The deep scientific capability within PHE, for instance at Porton Down, and within the National Institute for Biological Standards and Control (NIBSC) as part of the MHRA, has been central to an effective ecosystem response and has worked rapidly and effectively with private sector partners this year. Germany (cited in the media as a potential model for Britain to follow) has the Robert Koch Institute, but it also has a differently organised diagnostics industry built over decades. For the U.K. to be one of the best-equipped nations to respond to this and future pandemics, the Government needs to consider strategic industrial and investment questions alongside any reorganisation within the public sector.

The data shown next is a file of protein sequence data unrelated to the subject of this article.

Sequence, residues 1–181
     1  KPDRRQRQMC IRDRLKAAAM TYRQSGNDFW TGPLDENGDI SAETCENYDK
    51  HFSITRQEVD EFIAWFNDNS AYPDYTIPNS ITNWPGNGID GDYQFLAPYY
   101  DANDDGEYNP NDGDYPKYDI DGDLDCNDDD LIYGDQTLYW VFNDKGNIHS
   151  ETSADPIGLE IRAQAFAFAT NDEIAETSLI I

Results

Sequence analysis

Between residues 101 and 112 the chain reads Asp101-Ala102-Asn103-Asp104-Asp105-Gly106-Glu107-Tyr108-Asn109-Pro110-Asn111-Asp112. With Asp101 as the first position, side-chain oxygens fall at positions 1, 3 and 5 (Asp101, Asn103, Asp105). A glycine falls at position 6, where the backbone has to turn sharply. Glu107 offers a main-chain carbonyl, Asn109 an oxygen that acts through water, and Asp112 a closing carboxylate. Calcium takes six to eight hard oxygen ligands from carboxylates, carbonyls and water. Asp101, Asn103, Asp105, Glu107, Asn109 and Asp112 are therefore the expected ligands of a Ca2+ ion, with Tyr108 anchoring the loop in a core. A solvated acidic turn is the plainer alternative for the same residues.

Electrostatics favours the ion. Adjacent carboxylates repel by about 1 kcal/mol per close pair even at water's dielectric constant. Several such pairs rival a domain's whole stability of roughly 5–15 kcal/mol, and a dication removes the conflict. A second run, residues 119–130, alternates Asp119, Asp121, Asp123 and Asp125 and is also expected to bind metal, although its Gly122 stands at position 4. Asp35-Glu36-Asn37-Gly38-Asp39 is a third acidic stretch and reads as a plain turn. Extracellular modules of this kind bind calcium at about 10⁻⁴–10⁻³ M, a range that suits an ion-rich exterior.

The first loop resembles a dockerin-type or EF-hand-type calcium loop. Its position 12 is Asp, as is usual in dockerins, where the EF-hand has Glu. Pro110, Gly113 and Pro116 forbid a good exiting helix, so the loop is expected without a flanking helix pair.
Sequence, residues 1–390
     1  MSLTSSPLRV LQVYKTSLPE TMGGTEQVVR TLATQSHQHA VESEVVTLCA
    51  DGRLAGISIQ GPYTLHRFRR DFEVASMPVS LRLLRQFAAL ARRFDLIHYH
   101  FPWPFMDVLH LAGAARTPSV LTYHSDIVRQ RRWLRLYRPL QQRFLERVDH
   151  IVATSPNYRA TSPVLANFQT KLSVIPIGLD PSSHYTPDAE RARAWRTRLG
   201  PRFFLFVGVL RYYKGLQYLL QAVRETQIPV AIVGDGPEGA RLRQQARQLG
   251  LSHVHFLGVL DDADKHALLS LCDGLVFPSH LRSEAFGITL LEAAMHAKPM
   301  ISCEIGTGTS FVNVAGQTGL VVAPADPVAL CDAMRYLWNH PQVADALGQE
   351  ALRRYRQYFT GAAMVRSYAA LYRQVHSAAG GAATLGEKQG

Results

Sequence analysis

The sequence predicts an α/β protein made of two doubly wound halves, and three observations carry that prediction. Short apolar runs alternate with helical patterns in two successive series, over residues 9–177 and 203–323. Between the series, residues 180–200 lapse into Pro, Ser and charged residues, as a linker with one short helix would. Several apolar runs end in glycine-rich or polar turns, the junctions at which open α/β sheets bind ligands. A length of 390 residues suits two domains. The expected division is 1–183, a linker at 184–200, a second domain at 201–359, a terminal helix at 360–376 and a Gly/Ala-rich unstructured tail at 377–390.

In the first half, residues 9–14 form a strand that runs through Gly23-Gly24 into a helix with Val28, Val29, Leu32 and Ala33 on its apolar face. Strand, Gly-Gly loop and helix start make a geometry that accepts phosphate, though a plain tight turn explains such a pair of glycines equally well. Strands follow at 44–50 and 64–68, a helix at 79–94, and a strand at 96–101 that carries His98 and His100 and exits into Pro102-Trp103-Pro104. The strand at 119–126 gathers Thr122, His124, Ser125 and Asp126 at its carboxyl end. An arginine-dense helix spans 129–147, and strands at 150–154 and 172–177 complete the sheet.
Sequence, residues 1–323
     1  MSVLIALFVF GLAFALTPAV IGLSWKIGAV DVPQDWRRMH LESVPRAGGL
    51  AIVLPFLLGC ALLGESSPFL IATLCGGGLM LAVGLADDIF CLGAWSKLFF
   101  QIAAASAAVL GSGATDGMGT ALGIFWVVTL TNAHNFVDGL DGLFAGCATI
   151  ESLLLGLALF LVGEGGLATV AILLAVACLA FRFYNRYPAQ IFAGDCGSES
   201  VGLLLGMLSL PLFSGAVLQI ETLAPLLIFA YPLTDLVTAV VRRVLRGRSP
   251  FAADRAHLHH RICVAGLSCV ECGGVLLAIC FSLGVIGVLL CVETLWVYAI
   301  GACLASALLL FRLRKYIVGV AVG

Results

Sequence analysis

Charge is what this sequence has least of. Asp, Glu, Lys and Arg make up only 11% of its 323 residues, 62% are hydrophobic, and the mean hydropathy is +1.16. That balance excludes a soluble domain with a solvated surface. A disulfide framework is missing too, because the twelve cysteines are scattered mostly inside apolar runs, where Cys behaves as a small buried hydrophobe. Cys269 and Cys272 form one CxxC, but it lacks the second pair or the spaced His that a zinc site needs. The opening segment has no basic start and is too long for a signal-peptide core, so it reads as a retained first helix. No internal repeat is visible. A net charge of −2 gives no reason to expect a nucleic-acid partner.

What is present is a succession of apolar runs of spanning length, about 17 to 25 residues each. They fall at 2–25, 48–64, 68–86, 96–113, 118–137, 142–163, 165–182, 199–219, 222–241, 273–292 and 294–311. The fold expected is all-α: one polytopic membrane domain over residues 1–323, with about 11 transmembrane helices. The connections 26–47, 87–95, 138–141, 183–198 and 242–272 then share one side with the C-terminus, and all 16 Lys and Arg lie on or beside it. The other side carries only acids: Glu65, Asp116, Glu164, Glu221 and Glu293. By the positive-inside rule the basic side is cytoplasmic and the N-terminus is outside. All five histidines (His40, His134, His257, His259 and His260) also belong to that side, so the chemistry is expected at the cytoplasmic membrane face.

Steve Bates has been the CEO of the UK Bioindustry Association since 2012. He currently chairs the International Council of Biotech Associations and has been a Board member of Europabio since 2015. Steve is the visible face of the vibrant UK life sciences industry to government and media. He sits on the UK’s Life Sciences Council and Life Sciences Industrial Strategy Implementation Board. Steve has championed with government effective industrial incentives like the Biomedical Cataylst which have crowded-in private sector investment into UK SMES. He has forged links for the sector across the USA, Europe and in China. In his time at the BIA Steve has developed new member groups focused on cell and gene therapy, genomics and engineered biology. A strong advocate of partnership working, Steve champions sector collaboration with research charities and academia. Proud to lead an organisation with a diverse Board with over 40% female representation, Steve is committed to next generation talent and developing the skills needed for the sector to flourish. Before the BIA, Steve worked for Genzyme and as an advisor to the UK Government of Tony Blair. He was made OBE for services to innovation in 2017.